A lot of people learn that men and women should have different roles in this world in order to create “balance” and, therefore, end up with this idea that feminism is not only “anti-man” but “anti-woman” because it’s “against” femininity (or masculinity). If you think that masculine and feminine gender roles are not only innate but good, then you’re likely to see critiques of those gender roles as attacking actual males and females, rather than attacking those socialized roles and behaviours, as well as the hierarchy that is attached to said roles. This leads women to say things like “No, I’m not a feminist, I love being a woman,” because they believe their womanhood is attached to a subordinate gender role which they have been told is not only natural, but empowering.

It seems to me that asking celebrities to talk about feminism only contributes to the mass confusion around what feminism actually is (Is it about feeling “empowered?” Is it about hating men? Is it about equality? Is it about being a lesbian? Is it about labels? Is it about being angry all the time?) and causes controversy as people feel disappointed when their idols turn out to be not all that smart or progressive.

Taylor Swift responded to the question “Do you consider yourself a feminist?” by saying “I don’t really think about things as guys versus girls.” Bjork took the old I’m more into positivity than negativity route, reinforcing the notion that fighting patriarchy is just about a bunch of angry, whiny women who hate everything (and should just think positive!). Geri Halliwell bought into the idea that “feminism is bra-burning lesbianism” and therefore “very unglamorous,” suggesting a “rebrand” that celebrates “femininity and softness.” Famous burlesque dancer, Dita Von Teese just seems totally and completely confused, saying: “It’s not a word I don’t really like to address, you know? It’s not even that I want to call myself that. I just sort of go, ‘Oooooh!’ It’s an eyeball roller. (laughs) You know what I mean? It’s like, oh man, it’s a weird question. The word “feminist” is so broad.” … Come again?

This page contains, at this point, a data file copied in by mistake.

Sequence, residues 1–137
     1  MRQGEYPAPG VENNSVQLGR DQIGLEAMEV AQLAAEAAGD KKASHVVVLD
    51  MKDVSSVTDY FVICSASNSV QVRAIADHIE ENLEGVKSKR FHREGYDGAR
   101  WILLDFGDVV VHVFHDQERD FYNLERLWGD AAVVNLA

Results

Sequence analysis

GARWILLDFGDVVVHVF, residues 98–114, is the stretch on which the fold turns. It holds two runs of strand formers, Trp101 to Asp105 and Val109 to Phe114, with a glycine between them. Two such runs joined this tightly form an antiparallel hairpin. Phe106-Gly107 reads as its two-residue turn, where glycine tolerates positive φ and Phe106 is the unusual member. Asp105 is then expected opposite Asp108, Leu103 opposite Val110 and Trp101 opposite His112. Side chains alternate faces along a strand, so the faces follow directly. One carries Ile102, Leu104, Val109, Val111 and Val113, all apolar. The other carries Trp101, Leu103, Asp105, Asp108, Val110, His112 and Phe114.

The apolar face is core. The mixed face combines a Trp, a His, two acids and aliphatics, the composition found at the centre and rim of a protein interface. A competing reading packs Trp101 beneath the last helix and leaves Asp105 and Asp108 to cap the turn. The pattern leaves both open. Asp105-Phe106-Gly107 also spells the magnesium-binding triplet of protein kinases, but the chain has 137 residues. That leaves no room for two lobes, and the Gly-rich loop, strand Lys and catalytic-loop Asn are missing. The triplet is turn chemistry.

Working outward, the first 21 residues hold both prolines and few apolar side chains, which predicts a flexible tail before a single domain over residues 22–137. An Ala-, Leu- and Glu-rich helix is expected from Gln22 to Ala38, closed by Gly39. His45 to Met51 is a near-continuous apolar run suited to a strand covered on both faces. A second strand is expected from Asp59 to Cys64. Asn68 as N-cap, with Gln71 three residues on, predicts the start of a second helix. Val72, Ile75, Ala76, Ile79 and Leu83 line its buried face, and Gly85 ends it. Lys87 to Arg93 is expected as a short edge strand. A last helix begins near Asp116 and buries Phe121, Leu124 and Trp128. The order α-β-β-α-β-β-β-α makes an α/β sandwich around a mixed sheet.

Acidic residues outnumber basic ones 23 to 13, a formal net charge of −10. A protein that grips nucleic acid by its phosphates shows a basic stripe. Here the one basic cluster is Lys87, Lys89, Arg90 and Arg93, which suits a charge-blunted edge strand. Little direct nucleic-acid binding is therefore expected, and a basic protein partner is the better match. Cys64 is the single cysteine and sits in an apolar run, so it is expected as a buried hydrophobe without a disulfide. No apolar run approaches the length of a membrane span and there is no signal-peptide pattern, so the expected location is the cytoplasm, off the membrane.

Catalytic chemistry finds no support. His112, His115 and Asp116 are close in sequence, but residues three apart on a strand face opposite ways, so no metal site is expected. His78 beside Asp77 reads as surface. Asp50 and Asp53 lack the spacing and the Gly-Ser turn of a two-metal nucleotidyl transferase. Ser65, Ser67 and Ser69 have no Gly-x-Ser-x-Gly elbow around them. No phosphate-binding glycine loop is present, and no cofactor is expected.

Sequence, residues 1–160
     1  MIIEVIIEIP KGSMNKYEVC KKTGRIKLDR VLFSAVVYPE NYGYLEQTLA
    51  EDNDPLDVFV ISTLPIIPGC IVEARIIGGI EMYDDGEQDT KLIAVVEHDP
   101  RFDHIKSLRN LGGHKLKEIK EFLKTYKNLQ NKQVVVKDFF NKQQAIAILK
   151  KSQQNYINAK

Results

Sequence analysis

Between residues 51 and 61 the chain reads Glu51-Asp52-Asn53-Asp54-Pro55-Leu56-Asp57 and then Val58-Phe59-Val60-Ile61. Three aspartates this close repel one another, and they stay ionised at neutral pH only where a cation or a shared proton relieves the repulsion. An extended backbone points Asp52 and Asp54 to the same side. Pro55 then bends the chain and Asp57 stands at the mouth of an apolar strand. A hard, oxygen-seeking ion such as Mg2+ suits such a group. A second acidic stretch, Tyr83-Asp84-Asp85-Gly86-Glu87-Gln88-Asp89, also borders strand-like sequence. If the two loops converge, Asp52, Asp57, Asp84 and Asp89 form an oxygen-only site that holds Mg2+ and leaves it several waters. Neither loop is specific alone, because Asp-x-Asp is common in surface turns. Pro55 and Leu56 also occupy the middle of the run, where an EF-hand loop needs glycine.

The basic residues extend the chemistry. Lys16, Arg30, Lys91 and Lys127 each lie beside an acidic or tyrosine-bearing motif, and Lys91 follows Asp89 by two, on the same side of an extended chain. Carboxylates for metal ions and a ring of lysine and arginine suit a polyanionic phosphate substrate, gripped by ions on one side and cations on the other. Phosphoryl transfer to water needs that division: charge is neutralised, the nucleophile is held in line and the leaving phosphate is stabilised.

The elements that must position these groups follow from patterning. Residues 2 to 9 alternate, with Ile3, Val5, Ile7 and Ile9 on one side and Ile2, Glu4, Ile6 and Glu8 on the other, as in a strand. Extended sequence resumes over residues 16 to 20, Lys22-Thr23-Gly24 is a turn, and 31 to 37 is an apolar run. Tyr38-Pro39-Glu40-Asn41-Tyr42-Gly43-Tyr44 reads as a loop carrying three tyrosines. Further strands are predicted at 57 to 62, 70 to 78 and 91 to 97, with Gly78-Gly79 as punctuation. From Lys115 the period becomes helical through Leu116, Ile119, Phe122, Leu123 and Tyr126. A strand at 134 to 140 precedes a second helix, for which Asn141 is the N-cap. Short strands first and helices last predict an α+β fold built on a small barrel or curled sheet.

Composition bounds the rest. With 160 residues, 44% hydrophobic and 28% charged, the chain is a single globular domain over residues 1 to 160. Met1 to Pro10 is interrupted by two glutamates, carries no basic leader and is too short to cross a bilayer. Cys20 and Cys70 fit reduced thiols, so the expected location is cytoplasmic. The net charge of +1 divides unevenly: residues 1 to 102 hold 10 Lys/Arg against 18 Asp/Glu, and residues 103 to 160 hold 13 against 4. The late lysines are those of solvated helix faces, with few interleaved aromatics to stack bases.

This list could go on, but you get the picture. The question seems worthwhile if the goal is to educate, but that doesn’t seem to be the point when these stereotypical, anti-feminist, or nonsensical answers are just left hanging out there. Who cares what celebrities think about feminism? They didn’t become pop stars because of their deep commitment to social justice (though if they happen to be both a celebrity and committed to social justice, great). If I want to learn about feminism, I’ll go ask a feminist. Just like if I want to learn about veganism or climate change or physics, I’ll go ask an expert, not some rando on the street and certainly not some twenty-something pop star.

Meghan Murphy

Founder & Editor

Meghan Murphy is a freelance writer and journalist from Vancouver, BC. She has been podcasting and writing about feminism since 2010 and has published work in numerous national and international publications, including The Spectator, UnHerd, Quillette, the CBC, New Statesman, Vice, Al Jazeera, The Globe and Mail, and more. Meghan completed a Masters degree in the department of Gender, Sexuality and Women’s Studies at Simon Fraser University in 2012 and is now exiled in Mexico with her very photogenic dog.